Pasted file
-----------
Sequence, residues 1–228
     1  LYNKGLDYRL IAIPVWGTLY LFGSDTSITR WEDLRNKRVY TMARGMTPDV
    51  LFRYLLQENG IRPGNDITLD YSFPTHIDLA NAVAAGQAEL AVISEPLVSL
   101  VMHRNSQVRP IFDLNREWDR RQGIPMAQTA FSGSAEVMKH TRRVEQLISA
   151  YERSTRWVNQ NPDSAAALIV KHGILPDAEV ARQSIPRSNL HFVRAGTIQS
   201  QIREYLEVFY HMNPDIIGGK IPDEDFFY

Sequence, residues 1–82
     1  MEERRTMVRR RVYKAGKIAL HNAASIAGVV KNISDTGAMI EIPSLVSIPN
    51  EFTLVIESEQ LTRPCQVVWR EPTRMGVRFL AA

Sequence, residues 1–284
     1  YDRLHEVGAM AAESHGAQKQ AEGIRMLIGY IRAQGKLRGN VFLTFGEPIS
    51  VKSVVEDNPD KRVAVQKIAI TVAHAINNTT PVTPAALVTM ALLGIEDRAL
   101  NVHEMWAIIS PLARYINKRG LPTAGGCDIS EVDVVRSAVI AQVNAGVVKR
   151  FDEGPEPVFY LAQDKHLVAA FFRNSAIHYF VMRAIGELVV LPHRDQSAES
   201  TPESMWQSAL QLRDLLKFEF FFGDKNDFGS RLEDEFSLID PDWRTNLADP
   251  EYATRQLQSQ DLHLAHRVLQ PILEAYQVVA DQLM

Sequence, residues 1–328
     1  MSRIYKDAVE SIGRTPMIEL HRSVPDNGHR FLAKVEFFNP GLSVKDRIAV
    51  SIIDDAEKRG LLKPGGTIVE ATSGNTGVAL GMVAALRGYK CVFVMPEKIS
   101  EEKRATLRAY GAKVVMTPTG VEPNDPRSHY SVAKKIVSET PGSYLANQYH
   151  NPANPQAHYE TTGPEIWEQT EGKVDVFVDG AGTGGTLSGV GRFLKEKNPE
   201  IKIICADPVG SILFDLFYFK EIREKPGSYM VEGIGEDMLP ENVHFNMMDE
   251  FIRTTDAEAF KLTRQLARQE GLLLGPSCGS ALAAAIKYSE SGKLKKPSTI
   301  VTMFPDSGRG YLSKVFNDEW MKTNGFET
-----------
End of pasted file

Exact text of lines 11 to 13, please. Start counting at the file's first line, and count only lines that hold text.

     1  YDRLHEVGAM AAESHGAQKQ AEGIRMLIGY IRAQGKLRGN VFLTFGEPIS
    51  VKSVVEDNPD KRVAVQKIAI TVAHAINNTT PVTPAALVTM ALLGIEDRAL
   101  NVHEMWAIIS PLARYINKRG LPTAGGCDIS EVDVVRSAVI AQVNAGVVKR